In 1992, Mark Whitacre (played here by Matt Damon, beneath 30 pounds of pudge and a toupee) was a golden boy at Archer Daniels Midland with a big problem: His attempts to create an amino acid by feeding corn to microbes were failing, thanks to a virus in the vats. And so he blamed his troubles on corporate sabotage and wound up with the FBI tapping his home phone. Which led to his confession to the FBI that ADM officials were conspiring on a price-fixing scheme. Which led to his wearing a wire for three years. Which led to ADMs discovery that hed been embezzling millions. Which led to prison. For everyone. Journalist Kurt Eichenwalds 2000 book about his five years spent trailing the bipolar fuck-up is so densely, richly packed with gut-wrenching what-the-what? revelations that its easy to speed through the 600-plus pages thinking it's a novel. Which, for some reason, wasnt good enough for writer Scott Z. Burns and director Steven Soderbergh, who frame their film adaptation between quotation marks. The irony hits fast and hard: the score by Marvin Hamlisch, offering a 1970s best-of; the flat, blindingly washed-out look shot in HD but borrowed from an episode of Dallas; the stunt casting of comics (Patton Oswalt, The Soups Joel McHale, Paul F. Tomkins, the Smothers Brothers) in dead-serious roles; title cards whose font went out of style with shag carpet. Soderbergh sure has a lot of gimmicksthe man's working hard.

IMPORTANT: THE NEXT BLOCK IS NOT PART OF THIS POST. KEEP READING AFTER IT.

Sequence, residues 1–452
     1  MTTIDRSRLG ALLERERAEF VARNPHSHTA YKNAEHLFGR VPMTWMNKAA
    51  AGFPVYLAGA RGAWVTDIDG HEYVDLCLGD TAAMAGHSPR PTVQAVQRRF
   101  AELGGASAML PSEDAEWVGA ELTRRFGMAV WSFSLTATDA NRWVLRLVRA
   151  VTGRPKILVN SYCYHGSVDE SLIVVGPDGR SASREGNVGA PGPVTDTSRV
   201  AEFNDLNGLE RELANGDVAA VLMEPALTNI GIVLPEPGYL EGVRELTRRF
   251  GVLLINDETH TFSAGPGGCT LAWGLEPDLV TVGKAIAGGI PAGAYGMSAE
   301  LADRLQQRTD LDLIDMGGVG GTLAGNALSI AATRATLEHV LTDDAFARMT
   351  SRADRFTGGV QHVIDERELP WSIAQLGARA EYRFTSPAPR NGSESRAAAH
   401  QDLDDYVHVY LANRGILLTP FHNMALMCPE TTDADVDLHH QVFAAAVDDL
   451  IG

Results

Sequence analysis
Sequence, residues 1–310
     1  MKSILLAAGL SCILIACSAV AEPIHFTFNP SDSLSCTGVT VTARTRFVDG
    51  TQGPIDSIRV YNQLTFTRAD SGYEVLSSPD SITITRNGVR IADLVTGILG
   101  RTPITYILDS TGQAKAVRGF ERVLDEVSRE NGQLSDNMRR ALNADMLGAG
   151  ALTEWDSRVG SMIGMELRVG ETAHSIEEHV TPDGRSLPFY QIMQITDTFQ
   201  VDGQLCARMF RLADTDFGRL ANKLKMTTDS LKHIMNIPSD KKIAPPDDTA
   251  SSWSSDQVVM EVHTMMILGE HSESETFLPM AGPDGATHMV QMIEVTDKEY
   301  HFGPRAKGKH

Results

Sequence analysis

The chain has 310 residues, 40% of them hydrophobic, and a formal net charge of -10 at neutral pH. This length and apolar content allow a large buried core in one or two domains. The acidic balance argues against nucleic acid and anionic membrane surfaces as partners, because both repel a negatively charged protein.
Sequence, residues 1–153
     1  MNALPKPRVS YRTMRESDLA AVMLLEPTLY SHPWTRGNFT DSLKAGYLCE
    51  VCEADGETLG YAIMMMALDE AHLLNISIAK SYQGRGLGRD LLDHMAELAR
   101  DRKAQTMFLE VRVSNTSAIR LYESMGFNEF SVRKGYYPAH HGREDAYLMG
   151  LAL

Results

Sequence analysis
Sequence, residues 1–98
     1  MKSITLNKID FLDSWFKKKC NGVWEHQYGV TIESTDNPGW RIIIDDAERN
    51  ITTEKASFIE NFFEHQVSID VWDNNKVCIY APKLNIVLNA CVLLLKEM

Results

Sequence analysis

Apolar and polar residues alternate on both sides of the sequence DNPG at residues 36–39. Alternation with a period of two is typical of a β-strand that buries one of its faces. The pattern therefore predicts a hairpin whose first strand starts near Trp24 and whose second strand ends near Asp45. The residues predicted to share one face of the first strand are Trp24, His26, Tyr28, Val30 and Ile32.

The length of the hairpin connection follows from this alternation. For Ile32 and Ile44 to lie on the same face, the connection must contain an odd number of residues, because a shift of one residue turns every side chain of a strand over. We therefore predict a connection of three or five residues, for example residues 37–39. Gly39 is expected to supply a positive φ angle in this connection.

Wed., Jan. 6, 2, 7:15 & 9:30 p.m.; Thu., Jan. 7, 7:15 & 9:30 p.m., 2010